Bless Me, Ultima: The Movie

Indeed, the movie is about pride and prejudice. It is about faith and beliefs in a "modern world."

By Roberto Dr. Cintli Rodriguez, Contributing Editor
Published on LatinoLA: February 23, 2013

Bless Me, Ultima: The Movie

First a confession: I was not a Chicano Studies major when I attended UCLA back in the day‘«™ Probably for that reason, I have never read Bless Me Ultima, cover to cover‘«™ That's probably an unpardonable sin, akin to me never having donned a Zoot Suit, etc.

But let's talk about the movie, set during World War II in northern New Mexico.

Yet, for me, the context is always Arizona.

Just an FYI: Bless Me Ultima is one of the books that was at the core of Tucson's Raza Studies curriculum. It had been previously banned around the country, but the Tucson Unified School District put it on the map in 2010 by shutting down the program, essentially banning all the books and other materials (Aztec Calendar) associated with it. All this was precipitated because then-state schools' superintendent, Tom Horne, decided that Raza Studies was outside of Western Civilization.

That said, I would recommend the movie to any and all past, present and future censors, starting with Mr. Horne, his successor, John Huppenthal and current Tucson Superintendent John Pedicone and all the TUSD school board and all the state legislators (nationwide) who have conspired to destroy Raza Studies.

To them and to the world, I would say: Bless Me Ultima is Raza Studies!

From the opening scene, it is magical‘«™ more than magical, it is the magic of New Mexico, whose reality is virtually unknown to urban types (like myself) who growing up, know little of the land, the mountains, the waters and the open skies.

Ultima is a curandera, who moves in with family in a village in Northern New Mexico‘«™ where everyone knows each other‘«™ but where feuds stretch far back and where violence is no stranger‘«™

In the movie, Ultima takes 7-year-old Antonio under her wing, teaching him about life‘«™ about medicine, about the natural world, but most of all, about the nature of human beings.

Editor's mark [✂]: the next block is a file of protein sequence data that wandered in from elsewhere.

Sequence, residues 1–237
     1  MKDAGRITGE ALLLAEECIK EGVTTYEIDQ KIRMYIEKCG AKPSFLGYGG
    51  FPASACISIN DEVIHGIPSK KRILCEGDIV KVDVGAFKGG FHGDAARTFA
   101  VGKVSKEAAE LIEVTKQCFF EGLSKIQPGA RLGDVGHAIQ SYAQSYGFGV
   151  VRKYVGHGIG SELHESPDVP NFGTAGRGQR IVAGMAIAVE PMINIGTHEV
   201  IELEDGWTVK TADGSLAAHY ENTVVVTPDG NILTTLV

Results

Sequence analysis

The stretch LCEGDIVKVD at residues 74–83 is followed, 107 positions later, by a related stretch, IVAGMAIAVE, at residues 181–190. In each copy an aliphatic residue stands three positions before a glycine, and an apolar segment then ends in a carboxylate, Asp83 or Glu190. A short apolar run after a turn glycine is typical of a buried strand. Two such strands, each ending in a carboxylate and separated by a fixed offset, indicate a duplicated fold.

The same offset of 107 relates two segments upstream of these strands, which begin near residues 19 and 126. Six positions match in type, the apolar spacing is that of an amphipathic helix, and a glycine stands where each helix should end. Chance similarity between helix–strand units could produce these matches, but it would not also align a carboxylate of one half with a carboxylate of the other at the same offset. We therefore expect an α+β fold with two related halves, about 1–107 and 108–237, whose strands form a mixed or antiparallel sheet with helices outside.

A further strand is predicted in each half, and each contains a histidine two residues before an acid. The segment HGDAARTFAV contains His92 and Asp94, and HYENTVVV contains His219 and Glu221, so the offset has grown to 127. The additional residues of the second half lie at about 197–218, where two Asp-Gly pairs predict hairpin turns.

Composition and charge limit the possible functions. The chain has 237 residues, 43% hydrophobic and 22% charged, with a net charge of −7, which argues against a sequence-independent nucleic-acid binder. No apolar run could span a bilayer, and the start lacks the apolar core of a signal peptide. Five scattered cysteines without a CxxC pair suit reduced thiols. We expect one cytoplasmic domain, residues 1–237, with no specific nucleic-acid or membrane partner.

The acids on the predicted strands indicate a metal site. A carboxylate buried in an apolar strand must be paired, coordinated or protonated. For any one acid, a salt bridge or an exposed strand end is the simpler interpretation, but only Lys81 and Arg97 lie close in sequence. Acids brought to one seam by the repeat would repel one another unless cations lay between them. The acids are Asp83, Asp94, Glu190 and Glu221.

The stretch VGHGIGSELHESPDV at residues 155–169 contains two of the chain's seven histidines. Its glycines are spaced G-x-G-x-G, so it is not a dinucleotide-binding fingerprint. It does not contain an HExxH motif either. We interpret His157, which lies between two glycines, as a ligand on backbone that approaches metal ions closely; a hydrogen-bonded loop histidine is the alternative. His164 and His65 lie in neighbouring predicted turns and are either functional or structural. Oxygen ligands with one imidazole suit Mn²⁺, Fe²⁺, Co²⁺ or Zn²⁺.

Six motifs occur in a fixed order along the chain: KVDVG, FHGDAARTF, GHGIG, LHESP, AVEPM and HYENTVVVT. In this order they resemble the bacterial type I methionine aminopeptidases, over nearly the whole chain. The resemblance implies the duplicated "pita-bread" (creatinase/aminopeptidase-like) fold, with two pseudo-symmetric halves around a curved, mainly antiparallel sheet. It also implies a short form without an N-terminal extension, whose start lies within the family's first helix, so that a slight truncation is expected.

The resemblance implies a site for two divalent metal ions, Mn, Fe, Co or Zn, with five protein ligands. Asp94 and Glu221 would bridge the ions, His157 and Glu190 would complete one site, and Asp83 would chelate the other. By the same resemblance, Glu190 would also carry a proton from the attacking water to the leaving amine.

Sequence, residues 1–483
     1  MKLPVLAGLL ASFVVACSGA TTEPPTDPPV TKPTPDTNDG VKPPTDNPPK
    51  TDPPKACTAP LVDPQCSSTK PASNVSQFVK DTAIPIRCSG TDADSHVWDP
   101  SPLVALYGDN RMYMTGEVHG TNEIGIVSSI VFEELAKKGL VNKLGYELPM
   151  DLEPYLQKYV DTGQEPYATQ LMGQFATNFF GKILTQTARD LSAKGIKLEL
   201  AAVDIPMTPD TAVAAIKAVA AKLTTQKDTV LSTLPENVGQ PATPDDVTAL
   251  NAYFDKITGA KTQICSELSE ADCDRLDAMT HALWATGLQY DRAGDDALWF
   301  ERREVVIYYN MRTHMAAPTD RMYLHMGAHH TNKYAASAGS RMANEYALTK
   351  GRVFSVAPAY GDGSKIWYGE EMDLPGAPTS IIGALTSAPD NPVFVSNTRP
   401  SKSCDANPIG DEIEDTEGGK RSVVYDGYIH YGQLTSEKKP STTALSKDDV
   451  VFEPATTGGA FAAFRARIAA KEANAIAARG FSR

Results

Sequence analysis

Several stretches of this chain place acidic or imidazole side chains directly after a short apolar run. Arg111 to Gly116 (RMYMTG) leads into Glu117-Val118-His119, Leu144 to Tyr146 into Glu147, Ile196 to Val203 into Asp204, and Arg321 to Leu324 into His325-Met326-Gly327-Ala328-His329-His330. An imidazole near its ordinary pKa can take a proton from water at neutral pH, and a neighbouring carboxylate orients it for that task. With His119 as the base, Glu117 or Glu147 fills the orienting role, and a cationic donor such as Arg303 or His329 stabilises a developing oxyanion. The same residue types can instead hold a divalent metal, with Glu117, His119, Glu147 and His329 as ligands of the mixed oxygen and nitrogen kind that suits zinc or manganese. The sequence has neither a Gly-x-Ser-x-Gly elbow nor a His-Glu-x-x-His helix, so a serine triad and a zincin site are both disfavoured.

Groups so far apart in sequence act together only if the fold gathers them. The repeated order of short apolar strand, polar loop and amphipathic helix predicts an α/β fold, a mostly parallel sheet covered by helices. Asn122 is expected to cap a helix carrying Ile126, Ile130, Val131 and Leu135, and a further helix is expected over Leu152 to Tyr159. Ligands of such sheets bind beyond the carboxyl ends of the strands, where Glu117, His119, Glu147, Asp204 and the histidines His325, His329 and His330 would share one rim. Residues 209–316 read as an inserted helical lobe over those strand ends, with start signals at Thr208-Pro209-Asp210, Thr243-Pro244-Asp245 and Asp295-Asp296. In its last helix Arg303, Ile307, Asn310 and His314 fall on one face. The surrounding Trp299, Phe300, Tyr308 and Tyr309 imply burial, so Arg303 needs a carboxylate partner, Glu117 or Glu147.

Without giving the story and ending away, Bless Me Ultima indeed is about pride and prejudice. It is about faith and beliefs in a "modern world." Its power is that it is seen through the eyes of a seven year-old, a boy who is destined to become a priest‘«™

Ultima is recognizable ‘«Ű an Indigenous woman-healer - a woman who people both respect, but also fear‘«™ and as the movie shows, a woman who is shunned, even after she heals. Unstated, is that this story takes place among what people refer to as an Indohispano village.

The fact that the book/movie touches upon the subject of curanderas is what roils conservatives. Just like in the movie, she is accused of being a witch who practices witchcraft‘«™. Many of the village people react to her, akin to the way they've been taught to react for 500 years‘«™

Beyond watching the movie (and reading the book), I would recommend two books (and I have read both of them): Women and Knowledge in Mesoamerica: From East L.A. to Anahuac (2011) by Paloma Martinez-Cruz and Red Medicine (2012), by Patrisia Gonzales, both from the University of Arizona Press.

Both deal with topic of woman healers and their knowledge and medicines that survive the so-called conquest or European invasion. It is living knowledge‘«™ knowledge that cannot be destroyed, despite a 500-year effort.

The magic of Bless Me Ultima is beyond its content; it is, after 41 years, the ability to see Rodolfo Anaya's classic work on the big screen. Truly, to see brown faces throughout the whole movie, not simply in support roles or as extras ‘«Ű was part of the magic.

In effect, Bless Me Ultima was one of the first fruits of the Chicano/Chicana literary renaissance. It made me and makes me wonder when we will be seeing a few more classics, a product of the Flor y Canto (In Xochitl In Cuicatl) Movement of the 1960s-1970s. There are hundreds of stories ready to be told.

To Rudy Anaya: Gracias-Thanks-Tlazocamati‘«™



Rodriguez, an assistant professor at the University of Arizona, can be reached at: XColumn@gmail.com - http://drcintli.blogspot.com/

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